# Determine under what circumstances an involution on R is an automorphism

Let R be a ring. An involution on R is a function α : R → R such that, for all $$r_i ∈ R$$, we have $$α(r_1 + r_2) = α(r_1) + α(r_2), α(r_1r_2) = α(r_2)α(r_1) \,and \,α(α(r_1)) = r_1$$.

I'm not real sure how to proceed here. I know an involution is a function that is its own inverse and I know an automorphism is an isomorphism from a set to itself. So I need to show $$\alpha$$ is one-to-one and onto. Possibly something similar to this:

take $$r_1,r_2 \in R$$ and $$r_1=r_2$$, then $$f(r_1)=f(r_2) \Rightarrow f(f(r_1))=f(f(r_2)) \Rightarrow r_1=r_2 \Rightarrow R$$ is one-to-one.

Also, $$\alpha(\alpha(r_1))=r_1$$ so f is onto. Any help would be greatly appreciated!

• It looks like it's always an automorphism, if it takes $1$ to $1$. Just a tip, when showing one-one, don't assume $r_1=r_2$. – Chris Custer Mar 29 at 1:13
• Why is it always an automorphism? – user551155 Mar 29 at 1:19
• You showed it was a bijective homomorphism. – Chris Custer Mar 29 at 1:25
• OK, I think I'm with ya. Thanks! – user551155 Mar 29 at 1:31
• Guess I missed the commutative part. My ring theory could be better. – Chris Custer Mar 29 at 1:55

Let $$R$$ be a unital ring; we do not assume $$R$$ is commutative.

A an automorphism of $$R$$ is an isomorphism 'twixt $$R$$ and itself; an involution, as stated in the text of the question is a function

$$\alpha:R \to R \tag 1$$

such that

$$\forall x, y \in R, \; \alpha(x + y) = \alpha(x) + \alpha(y), \tag 2$$

and

$$\forall x, y \in R, \; \alpha(xy) = \alpha(y) \alpha(x), \tag 3$$

and

$$\alpha^2 = \Bbb I_B, \tag 4$$

where $$\Bbb I_R$$ is the identity map on $$R$$:

$$\Bbb I_R(r) = r, \; \forall r \in R. \tag 5$$

We observe that involutions are surjective, since

$$\forall x \in R, \; x = \Bbb I_R x = \alpha^2(x) = \alpha(\alpha(x)); \tag 6$$

thus, $$x$$ is always the image of $$\alpha(x)$$ under $$\alpha$$, making $$\alpha$$ an onto map.

Such $$\alpha$$ are also injective: if

$$\alpha(x) = \alpha(y), \tag 7$$

then

$$x = \Bbb I_R(x) = \alpha^2(x) = \alpha(\alpha(x))$$ $$= \alpha(\alpha(y)) = \alpha^2(y) = \Bbb I_R(y) = y. \tag 8$$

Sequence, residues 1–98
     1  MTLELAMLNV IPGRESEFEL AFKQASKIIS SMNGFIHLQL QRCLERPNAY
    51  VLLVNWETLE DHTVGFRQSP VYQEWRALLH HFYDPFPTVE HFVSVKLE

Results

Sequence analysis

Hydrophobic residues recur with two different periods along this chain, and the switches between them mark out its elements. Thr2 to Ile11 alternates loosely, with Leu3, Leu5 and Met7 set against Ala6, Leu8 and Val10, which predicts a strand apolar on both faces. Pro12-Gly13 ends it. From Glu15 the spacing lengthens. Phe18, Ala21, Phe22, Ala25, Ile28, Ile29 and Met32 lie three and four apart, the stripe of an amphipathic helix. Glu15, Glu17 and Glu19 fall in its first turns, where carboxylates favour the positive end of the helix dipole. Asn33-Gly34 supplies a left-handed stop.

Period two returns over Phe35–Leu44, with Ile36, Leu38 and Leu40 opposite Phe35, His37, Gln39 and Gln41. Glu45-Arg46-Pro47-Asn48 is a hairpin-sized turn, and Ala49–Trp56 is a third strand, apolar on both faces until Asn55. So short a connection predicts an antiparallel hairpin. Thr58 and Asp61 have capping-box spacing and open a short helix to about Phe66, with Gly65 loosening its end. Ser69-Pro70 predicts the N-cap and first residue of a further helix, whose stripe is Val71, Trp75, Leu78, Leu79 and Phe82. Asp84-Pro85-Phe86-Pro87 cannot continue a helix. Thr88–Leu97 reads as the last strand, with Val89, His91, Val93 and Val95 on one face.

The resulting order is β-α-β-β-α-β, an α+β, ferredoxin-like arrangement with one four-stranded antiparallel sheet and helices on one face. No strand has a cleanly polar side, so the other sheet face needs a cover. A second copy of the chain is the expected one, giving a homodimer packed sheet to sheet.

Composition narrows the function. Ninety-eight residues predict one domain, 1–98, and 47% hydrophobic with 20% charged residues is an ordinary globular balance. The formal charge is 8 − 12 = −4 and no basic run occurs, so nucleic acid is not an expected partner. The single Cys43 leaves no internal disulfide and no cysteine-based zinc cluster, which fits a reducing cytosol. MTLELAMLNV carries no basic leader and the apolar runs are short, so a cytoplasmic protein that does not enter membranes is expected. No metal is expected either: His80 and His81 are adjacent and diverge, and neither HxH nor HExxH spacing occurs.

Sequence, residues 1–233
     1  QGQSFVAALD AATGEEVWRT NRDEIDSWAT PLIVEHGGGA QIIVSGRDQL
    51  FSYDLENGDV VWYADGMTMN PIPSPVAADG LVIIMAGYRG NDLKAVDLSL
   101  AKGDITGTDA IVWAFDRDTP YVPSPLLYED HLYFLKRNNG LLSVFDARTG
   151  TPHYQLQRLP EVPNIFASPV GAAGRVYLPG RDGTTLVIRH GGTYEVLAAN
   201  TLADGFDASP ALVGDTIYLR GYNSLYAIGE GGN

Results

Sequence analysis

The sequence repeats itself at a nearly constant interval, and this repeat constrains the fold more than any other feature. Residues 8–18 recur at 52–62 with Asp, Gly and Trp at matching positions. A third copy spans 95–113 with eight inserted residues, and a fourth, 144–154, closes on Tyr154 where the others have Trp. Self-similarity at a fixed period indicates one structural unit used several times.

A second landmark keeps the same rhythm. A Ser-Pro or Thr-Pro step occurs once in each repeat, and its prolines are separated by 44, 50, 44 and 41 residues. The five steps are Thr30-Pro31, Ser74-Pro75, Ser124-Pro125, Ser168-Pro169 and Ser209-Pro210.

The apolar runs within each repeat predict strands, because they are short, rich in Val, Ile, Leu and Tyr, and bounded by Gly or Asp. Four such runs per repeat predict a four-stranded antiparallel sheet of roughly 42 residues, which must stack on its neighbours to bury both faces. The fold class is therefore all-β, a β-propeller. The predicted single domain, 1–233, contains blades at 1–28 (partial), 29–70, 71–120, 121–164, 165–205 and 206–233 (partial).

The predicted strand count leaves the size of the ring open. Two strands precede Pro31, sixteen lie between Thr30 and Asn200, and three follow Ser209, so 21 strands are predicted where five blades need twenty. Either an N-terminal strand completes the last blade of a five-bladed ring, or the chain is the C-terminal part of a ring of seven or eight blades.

Now suppose $$R$$ is commutative; then

$$\forall x, y \in R \; \alpha(xy) = \alpha(y) \alpha(x) = \alpha(x)\alpha(y), \tag 9$$

which shows that $$\alpha$$ meets the definition of a homomorphism; if, on the other hand, we replace he resrtiction that $$R$$ be commutative with the assumption that

$$\forall x, y \in R, \; \alpha(xy) = \alpha(x) \alpha(y); \tag{10}$$

since we are given that

$$\forall x, y \in R, \; \alpha(xy) = \alpha(y)\alpha(x), \tag{11}$$

we infer that

$$\forall x, y \in R, \; \alpha(x) \alpha(y) = \alpha(y)\alpha(x); \tag{12}$$

now since from the above $$\alpha$$ is surjective,

$$\forall r, s \in R, \; \exists x, y \in R, \; r = \alpha(x), s = \alpha(y); \tag{13}$$

thus,

$$rs = \alpha(x) \alpha(y) = \alpha(y)\alpha(x) = sr, \tag{14}$$

and $$R$$ must be a commutative ring.

• So the answer to the question is when R is a commutative ring? – user551155 Mar 29 at 16:30
• @user551155: yes, but $R$ may have other related properties as well; still thinking about that, Cheers! – Robert Lewis Mar 29 at 16:58
• Doesn't $\alpha(r_1r_2)=\alpha(r_2)\alpha(r_1)$ imply commutivity? – user551155 Mar 29 at 19:57

An automorphism of a ring is a homomorphism to itself which is bijective.

Since your $$\alpha$$ is already bijective, it is an automorphism if and only if it is a homomorphism.

Let me write down the conditions for being a homomorphism.

$$α(r_1 + r_2) = α(r_1) + α(r_2), α(r_1r_2) = α(r_1)α(r_2).$$ (Here I don't assume that the ring has a unit element, but it doesn't affect the argument.)

Do you notice the difference from the conditions of being involution?

The only extra condition is $$α(r_1r_2) = α(r_1)α(r_2)$$. Thus if $$\alpha$$ is an involution and also an automorphism, then we must have $$α(r_1)α(r_2)=α(r_1r_2) = α(r_2)α(r_1)$$.

This being true for all $$r_1,r_2$$, we may substitute $$r_1=α(x)$$ and $$r_2=α(y)$$ for arbitrary $$x,y$$, and get $$xy=yx$$.

Therefore we have shown that, if there is an involution which is an automorphism, then the ring must be commutative.

Conversely, if the ring is commutative, then for any involution $$\alpha$$, we have $$α(r_1r_2) = α(r_2)α(r_1)=α(r_1)α(r_2)$$, which implies that it's an automorphism.

• I don't see why we must have $α(r_1)α(r_2)=α(r_1r_2) = α(r_2)α(r_1)$; can you prove/explain/say more about this? – Robert Lewis Mar 29 at 1:52
• @Robert I looked it up and, apparently in ring theory, involutions are generally taken to mean antihomomorphisms. Take a second look at the OP's definition. – Chris Custer Mar 29 at 2:04
• @RobertLewis The first equality comes from the assumption that it's a homomorphism, and the second comes from the definition of involution. – WhatsUp Mar 29 at 2:09
• OK I see that now. – Robert Lewis Mar 29 at 2:09
• Why does the ring have to be commutative? – user551155 Mar 29 at 2:14

Since an involution is an antihomomorphism, and an automorphism is a homomorphism, we need both. That's equivalent to $$\mathcal R$$ being commutative.